| Share


Tuscaloosa (təskəlōˈsə) [key], city (1990 pop. 77,759), seat of Tuscaloosa co., W central Ala., on the Black Warrior River; inc. 1819. It is a transportation and manufacturing center, with industries centered on the region's coal, iron, and timber. Food is processed, and steel, chemicals, paper, and compact discs are manufactured. Agriculture also remains important. The city is the seat of the Univ. of Alabama and Stillman College. Tuscaloosa was settled (1816) on the site of a Native American village after the Creek revolt of 1813. It was state capital from 1826 to 1846. In the Civil War, Tuscaloosa was partly burned. Points of interest include the Old Tavern (1827) and several antebellum homes, including the President's Mansion at the Univ. of Alabama.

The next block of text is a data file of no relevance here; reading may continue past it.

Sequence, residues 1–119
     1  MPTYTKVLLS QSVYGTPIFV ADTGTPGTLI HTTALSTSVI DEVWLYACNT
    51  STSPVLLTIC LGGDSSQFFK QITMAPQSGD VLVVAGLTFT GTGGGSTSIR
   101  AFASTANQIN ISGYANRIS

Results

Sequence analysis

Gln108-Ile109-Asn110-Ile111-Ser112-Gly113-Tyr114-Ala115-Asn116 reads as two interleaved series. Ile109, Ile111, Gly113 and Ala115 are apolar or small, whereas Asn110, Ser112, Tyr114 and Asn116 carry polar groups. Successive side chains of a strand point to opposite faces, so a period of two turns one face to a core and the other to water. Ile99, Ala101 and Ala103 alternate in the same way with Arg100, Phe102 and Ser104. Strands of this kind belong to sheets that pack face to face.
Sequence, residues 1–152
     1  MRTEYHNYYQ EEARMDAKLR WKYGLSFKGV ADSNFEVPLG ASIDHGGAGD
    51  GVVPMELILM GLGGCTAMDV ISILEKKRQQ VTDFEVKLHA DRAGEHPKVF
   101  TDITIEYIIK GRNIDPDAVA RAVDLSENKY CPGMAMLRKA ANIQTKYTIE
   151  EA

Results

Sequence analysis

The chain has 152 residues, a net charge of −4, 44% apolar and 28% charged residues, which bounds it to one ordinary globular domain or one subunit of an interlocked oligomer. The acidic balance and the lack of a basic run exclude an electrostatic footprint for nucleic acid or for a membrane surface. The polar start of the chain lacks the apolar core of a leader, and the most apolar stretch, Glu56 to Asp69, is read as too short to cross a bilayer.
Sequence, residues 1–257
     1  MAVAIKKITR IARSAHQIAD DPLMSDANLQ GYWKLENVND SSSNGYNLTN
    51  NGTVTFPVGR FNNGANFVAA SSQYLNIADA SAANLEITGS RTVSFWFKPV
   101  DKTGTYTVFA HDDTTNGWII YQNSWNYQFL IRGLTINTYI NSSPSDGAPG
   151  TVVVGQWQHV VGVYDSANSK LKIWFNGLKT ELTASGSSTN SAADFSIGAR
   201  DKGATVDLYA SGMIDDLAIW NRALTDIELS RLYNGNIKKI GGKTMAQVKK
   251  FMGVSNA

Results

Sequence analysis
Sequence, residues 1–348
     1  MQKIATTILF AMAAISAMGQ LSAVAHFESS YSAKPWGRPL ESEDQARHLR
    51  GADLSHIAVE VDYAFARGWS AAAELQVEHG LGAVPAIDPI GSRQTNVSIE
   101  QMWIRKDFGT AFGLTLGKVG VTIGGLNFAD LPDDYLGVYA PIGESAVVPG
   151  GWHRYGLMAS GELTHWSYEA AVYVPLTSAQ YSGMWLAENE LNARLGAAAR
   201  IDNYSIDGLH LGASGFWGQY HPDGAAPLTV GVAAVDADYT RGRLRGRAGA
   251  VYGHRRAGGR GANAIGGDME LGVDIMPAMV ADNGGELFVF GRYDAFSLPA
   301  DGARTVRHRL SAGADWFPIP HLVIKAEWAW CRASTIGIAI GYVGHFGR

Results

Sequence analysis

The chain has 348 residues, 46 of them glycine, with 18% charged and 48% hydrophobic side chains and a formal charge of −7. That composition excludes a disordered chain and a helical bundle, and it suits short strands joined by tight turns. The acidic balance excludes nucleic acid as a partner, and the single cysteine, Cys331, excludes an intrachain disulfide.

The Columbia Electronic Encyclopedia, 6th ed. Copyright © 2012, Columbia University Press. All rights reserved.

More on Tuscaloosa from Infoplease:

See more Encyclopedia articles on: U.S. Political Geography

Premium Partner Content
HighBeam Research
Documents Images and Maps Reference
(from Newspapers, Magazines, Journals, Newswires, Transcripts and Books)

Research our extensive archive of more than 80 million articles from 6,500 publications.

Additional search results provided by HighBeam Research, LLC. © Copyright 2005. All rights reserved.

24 X 7

Private Tutor

Click Here for Details
24 x 7 Tutor Availability
Unlimited Online Tutoring
1-on-1 Tutoring